The breeding of ducks is practised to an enormous extent on the Yangtze, and this, together with fishing, constitutes one of the principal occupations of the river-villager; for on the low land, so liable to floods, but little grows, while on these very inundations, so ruinous to all other labor, the fisherman and the duck-farmer thrive.

The commonest means of taking fish is by a circular net hanging on the end of a long pole, acting on the same principle as the water-raising shadouf of the Nile-that is to say, the pole can be raised or lowered by a single man, the whole working on a lever. A considerable number of fish are thus easily secured; and wherever the bank of the river is suitable, they are to be found, scarcely a hundred yards apart, and often much nearer.

After a few days' stay in Hankow, where we were most kindly entertained by Mr. Lay, chief commissioner of Chinese customs, we again embarked, this time on a much smaller steamer, to pursue our way farther into central China. Amongst the passengers on this our new boat were the French sisters, whose cruel treatment by the natives at I-chang a few months ago caused such a feeling of indignation throughout Europe. Six girls, who had just come from their convent, to whom everything was a novelty and a pleasure, whose knowledge of the world was nil, and who looked forward to the hard work before them with the zeal that only religion can give, it was indeed sad to read how, injured, they had fled for their lives to a Chinese temple, and there received protection. The mother superior, who was escorting these novices as far as I-chang, there to be put under the charge of a Catholic missionary bishop, returned after her work was accomplished to Ceylon, and thus escaped the persecution.*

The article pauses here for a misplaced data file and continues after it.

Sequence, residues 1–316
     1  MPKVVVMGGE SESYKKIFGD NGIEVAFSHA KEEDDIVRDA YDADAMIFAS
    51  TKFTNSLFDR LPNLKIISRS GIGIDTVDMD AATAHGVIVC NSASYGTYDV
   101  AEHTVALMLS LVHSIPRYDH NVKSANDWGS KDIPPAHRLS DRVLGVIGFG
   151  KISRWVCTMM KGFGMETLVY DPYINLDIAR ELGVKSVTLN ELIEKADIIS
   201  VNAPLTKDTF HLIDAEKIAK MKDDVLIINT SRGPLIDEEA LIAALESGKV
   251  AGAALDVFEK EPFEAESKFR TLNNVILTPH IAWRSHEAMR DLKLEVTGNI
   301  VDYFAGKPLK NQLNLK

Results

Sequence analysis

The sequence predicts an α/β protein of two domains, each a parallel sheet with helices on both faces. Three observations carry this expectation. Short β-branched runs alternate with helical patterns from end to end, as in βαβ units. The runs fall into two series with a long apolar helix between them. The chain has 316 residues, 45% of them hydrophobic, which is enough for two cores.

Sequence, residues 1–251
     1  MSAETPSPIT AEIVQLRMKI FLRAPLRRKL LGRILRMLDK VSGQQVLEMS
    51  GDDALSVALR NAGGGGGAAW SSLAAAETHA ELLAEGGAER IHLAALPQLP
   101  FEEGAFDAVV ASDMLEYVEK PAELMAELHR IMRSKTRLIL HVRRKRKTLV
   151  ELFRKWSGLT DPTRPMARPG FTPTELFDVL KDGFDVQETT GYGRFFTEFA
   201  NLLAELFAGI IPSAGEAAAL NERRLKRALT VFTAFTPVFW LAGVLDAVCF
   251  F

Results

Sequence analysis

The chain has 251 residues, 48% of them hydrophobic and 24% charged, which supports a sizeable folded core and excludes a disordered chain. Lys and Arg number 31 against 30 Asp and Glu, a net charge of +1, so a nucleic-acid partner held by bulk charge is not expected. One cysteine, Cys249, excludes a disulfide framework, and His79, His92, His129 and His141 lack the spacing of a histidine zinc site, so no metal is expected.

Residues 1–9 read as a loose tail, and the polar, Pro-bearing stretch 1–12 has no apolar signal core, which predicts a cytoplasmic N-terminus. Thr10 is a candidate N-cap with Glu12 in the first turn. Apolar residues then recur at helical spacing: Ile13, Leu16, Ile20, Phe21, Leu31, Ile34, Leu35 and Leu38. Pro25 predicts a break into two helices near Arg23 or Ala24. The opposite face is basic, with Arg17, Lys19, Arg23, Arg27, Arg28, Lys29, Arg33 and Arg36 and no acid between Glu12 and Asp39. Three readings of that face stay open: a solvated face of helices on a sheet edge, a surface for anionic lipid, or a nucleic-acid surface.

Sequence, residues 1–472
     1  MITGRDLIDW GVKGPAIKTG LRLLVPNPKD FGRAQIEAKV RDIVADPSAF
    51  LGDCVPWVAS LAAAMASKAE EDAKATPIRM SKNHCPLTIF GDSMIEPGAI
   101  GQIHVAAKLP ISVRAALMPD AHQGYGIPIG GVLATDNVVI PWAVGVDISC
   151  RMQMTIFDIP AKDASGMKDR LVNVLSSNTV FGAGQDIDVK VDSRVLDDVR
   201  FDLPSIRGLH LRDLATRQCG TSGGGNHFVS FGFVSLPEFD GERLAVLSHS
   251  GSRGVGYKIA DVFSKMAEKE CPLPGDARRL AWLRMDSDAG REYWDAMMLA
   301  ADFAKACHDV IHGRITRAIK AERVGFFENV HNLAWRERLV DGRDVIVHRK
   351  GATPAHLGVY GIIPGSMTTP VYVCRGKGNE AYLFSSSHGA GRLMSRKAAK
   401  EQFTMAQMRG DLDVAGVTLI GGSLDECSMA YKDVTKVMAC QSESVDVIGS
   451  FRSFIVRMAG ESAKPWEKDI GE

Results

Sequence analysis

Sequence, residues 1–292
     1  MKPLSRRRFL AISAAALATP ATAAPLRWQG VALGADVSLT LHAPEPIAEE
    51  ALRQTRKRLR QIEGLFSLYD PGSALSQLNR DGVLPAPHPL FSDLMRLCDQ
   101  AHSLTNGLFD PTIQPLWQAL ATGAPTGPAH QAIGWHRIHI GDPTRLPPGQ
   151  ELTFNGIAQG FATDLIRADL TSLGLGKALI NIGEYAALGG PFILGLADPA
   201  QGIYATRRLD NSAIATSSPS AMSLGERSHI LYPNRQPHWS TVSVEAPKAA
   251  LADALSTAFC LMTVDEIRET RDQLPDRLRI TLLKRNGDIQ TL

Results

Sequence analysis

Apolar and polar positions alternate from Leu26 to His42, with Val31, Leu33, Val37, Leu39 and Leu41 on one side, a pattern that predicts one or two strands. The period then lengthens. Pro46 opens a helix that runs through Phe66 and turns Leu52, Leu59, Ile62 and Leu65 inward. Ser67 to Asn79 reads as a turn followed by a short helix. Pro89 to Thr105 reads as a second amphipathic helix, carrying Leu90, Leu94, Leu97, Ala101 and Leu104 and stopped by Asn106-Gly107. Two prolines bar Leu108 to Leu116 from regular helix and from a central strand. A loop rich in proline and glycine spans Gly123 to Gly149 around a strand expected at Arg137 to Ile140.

Between Hankow and I-chang, a distance of between three and four hundred miles, a few considerable towns are passed. The first of these is Se-too, where there was some excitement on the occasion of our stopping there, caused by picking up a worthy mandarin, who was brought alongside in a gilded gunboat, to the music of drums and trumpets and the loud explosions of crackers. The craft in which the noble was travelling was of a peculiar kind of the usual circus type, only over the gilded dragon, from whose mouth red painted flames were issuing, and which formed the bow of the boat, issued an antiquated bronze cannon. There were the usual number of flags and decorations. The crew, however, were very smart-a well-drilled, neatly dressed body of men accounted for by the fact that our new passenger was a "lord high admiral," or something of the sort.